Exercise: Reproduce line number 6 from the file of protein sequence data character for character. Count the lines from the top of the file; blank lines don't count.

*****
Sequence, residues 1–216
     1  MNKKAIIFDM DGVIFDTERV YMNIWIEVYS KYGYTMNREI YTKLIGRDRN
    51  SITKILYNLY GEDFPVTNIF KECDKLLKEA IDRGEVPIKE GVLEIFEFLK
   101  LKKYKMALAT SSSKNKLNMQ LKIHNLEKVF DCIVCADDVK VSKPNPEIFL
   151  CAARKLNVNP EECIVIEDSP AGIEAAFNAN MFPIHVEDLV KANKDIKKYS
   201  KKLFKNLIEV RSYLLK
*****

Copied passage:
   201  KKLFKNLIEV RSYLLK